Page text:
5 December 2012
The magazine Islamic Finance News in its edition of 5 December 2012 posed the following question to its forum of experts:
"As the Islamic finance industry continues to strive to become global, conquering the crucial western markets remains slow and difficult. What can be done to expedite entry?"
Using the phrases “Western markets” and “The Islamic finance industry” confuses rather than enlightens.
Each country where Muslims are a minority of the population is a distinct financial services marketplace which has to be assessed on its merits. Relevant factors will include the total population, levels of affluence, propensity to consume financial services, financial services regulatory rules, level of Muslim population etc. If a business attempts to looks at “Western markets” as a totality, as if Germany and Slovenia (for example) could just be taken together, it is guaranteed to take the wrong strategic decisions.
Similarly, “The Islamic finance industry” does not take strategic business decisions. Such decisions are taken by individual companies seeking to maximise profits by entering those markets where they believe business can be done profitably.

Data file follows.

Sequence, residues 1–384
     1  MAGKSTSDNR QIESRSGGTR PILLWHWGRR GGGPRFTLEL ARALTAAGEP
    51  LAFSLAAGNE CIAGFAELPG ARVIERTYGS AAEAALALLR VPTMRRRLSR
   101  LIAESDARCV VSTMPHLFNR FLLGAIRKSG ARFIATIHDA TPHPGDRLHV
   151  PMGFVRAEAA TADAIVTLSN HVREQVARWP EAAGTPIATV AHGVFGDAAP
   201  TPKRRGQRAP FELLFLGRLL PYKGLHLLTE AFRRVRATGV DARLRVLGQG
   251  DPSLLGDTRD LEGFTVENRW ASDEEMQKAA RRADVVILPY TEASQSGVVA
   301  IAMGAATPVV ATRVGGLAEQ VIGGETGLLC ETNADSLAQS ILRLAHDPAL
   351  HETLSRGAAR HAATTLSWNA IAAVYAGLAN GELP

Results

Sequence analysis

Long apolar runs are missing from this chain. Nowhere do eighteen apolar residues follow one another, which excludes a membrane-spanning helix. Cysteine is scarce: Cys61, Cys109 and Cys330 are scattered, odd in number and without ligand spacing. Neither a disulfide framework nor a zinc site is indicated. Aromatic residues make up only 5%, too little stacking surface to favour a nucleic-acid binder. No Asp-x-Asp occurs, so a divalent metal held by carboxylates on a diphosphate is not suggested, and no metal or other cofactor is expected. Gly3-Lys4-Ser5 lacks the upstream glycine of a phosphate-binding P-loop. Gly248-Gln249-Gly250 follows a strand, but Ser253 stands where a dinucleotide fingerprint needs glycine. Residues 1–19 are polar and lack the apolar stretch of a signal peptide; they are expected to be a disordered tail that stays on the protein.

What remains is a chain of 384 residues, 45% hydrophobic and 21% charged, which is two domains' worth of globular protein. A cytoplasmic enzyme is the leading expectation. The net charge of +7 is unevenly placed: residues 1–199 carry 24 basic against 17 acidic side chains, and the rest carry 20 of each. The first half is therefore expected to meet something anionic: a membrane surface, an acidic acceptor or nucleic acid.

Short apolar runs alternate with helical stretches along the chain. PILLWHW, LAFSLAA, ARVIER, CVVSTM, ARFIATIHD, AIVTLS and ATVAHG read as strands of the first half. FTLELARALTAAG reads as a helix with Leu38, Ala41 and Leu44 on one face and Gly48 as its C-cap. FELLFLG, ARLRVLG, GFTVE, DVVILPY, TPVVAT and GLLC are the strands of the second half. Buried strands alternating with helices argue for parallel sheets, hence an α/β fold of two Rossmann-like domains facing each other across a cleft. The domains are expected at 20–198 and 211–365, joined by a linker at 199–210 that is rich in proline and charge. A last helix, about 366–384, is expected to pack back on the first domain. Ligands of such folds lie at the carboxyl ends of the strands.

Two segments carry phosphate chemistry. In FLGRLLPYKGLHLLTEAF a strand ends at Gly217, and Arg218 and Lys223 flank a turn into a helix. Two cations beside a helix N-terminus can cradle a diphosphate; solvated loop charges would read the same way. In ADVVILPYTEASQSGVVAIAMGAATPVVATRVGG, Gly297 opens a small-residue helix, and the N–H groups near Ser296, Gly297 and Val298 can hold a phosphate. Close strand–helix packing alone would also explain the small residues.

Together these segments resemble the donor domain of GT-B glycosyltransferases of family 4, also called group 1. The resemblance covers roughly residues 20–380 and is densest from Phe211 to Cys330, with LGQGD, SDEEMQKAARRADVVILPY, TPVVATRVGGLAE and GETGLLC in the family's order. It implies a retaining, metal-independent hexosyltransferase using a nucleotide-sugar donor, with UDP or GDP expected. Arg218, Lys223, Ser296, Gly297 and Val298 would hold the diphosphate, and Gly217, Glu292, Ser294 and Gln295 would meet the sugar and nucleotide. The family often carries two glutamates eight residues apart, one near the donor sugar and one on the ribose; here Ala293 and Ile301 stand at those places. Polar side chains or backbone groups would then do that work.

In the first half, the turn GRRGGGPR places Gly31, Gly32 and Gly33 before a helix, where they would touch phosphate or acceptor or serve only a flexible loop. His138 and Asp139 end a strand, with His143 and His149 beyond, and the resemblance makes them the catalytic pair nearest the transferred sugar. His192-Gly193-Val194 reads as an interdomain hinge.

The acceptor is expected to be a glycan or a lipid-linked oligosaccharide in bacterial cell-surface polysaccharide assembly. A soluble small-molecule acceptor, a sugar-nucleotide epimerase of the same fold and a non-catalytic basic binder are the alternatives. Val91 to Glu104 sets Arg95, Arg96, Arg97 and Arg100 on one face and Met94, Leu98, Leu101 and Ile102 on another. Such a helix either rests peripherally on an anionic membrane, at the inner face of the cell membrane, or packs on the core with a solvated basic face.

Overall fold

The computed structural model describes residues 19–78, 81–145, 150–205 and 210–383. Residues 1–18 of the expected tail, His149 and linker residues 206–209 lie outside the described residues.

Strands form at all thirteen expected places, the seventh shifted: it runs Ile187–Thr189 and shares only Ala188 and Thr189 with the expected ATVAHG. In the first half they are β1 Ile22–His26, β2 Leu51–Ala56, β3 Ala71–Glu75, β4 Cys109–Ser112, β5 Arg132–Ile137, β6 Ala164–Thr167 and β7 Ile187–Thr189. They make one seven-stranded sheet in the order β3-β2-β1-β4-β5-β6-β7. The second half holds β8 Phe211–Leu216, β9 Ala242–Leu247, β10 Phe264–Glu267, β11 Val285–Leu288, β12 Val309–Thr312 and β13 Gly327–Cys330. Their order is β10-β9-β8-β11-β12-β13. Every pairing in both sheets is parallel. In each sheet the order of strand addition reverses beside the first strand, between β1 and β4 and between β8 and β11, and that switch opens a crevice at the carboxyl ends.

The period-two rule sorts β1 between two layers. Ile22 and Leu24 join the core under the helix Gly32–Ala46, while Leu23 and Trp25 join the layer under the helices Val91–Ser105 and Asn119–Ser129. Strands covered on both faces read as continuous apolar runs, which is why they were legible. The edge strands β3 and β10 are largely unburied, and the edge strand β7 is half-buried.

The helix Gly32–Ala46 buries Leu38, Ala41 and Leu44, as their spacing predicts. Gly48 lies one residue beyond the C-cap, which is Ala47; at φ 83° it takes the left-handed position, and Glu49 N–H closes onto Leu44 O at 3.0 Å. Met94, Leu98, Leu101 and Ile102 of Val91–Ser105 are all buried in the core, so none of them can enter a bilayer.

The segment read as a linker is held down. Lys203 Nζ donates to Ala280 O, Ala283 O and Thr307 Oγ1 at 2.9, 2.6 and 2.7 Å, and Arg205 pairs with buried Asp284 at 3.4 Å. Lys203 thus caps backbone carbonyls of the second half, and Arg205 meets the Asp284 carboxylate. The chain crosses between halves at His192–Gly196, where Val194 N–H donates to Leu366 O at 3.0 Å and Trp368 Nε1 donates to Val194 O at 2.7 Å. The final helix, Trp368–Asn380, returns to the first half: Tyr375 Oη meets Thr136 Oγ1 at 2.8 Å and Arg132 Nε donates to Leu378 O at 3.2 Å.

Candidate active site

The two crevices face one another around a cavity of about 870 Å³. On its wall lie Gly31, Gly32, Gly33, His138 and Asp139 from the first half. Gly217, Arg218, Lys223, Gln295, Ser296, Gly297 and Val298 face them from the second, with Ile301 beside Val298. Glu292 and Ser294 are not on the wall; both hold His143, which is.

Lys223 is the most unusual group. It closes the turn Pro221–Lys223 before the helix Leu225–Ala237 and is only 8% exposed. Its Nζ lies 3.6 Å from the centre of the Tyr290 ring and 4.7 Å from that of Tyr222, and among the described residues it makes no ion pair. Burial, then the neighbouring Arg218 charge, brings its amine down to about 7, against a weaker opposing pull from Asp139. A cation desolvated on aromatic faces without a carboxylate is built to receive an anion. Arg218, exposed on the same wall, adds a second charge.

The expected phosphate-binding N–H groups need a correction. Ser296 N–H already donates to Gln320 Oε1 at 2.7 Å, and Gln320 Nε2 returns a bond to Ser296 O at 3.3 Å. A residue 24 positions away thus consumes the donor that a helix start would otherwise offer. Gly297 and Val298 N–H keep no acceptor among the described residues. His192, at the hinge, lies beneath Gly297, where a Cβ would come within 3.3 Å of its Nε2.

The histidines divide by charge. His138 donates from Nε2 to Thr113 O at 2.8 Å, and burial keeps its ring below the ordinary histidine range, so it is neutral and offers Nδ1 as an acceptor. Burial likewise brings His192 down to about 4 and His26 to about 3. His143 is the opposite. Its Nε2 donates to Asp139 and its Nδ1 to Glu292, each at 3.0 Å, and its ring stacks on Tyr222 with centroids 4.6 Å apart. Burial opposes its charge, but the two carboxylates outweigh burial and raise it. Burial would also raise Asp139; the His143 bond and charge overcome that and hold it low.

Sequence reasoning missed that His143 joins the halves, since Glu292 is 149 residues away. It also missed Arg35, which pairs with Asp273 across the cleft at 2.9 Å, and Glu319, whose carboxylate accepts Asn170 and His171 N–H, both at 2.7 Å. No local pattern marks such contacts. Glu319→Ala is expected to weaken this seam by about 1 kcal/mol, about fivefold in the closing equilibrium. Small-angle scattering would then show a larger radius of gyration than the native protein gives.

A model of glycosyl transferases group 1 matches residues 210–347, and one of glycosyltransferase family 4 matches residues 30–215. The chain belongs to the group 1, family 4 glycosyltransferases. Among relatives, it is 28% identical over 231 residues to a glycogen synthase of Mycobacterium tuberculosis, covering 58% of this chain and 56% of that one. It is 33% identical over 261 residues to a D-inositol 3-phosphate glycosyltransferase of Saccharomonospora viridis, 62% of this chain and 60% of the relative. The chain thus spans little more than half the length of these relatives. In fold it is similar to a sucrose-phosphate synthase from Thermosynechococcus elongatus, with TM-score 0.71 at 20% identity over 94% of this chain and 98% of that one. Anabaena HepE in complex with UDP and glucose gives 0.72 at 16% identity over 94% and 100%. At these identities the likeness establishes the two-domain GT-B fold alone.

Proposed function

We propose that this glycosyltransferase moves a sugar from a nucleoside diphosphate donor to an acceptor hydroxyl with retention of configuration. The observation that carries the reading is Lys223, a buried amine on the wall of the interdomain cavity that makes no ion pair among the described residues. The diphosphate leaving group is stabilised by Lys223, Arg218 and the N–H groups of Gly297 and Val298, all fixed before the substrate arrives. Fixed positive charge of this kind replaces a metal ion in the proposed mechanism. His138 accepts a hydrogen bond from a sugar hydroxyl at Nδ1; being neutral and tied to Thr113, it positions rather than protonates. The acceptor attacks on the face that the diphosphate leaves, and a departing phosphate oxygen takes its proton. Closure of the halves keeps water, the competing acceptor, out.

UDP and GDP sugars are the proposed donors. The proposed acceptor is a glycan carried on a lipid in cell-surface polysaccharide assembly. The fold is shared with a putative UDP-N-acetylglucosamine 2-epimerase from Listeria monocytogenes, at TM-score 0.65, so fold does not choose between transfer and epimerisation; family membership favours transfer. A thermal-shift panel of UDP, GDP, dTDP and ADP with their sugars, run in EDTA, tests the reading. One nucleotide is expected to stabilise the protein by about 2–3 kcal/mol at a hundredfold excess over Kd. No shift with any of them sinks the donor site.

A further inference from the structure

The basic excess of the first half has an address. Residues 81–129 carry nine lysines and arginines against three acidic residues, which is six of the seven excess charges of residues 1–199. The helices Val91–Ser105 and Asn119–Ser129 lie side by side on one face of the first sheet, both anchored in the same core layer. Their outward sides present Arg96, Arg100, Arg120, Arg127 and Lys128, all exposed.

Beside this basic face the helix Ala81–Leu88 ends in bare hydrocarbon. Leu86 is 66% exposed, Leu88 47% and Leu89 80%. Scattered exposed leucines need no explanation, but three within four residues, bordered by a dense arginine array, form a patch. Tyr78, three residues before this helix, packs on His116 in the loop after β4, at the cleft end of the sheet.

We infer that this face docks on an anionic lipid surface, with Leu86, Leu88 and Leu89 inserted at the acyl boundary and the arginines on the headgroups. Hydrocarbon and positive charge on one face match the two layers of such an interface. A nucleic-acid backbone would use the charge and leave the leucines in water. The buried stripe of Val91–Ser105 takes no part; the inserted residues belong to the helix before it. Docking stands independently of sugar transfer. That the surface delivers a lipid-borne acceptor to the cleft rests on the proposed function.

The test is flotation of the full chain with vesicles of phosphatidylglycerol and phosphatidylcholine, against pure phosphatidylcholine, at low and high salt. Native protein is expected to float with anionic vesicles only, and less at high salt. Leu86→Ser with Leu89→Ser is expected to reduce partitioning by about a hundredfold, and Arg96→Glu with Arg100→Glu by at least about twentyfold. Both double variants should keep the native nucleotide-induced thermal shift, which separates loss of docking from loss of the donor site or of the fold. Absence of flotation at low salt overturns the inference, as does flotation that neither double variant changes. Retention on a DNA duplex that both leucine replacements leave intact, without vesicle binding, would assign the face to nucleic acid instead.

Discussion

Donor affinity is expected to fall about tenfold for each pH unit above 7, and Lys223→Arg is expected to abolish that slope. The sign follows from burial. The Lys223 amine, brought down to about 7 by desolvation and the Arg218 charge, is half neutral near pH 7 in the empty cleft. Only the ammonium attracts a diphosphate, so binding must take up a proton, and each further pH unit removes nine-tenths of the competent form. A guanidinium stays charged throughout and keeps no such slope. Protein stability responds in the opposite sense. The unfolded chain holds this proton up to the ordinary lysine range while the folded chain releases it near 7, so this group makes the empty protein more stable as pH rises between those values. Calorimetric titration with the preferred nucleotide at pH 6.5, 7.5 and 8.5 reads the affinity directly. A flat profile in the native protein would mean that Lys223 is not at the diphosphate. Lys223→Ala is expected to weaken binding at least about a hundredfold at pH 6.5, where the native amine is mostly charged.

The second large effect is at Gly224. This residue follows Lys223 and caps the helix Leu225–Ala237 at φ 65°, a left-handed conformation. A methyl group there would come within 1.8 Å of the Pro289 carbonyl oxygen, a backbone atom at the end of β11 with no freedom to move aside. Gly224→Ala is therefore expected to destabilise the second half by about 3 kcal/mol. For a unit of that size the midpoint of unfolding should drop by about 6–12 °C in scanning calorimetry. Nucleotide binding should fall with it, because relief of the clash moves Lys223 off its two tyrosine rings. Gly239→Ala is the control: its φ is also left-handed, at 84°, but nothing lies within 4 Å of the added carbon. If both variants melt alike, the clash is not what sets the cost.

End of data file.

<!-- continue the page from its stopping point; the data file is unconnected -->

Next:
Against this background, there is considerable scope for successful Islamic financial services providers based in Muslim majority countries to expand profitably into countries where Muslims are a minority. Such expansion is probably best carried out one target country at a time, and by concentrating on niche services. Asset management and provision of takaful, especially family takaful, may well be more successful than offering vanilla banking services.
Any market entry strategy needs to minimise costs. In particular customer acquisition costs risk being high as Islamic financial services will not be well understood in most such target markets, so a strategy is needed to keep such costs low.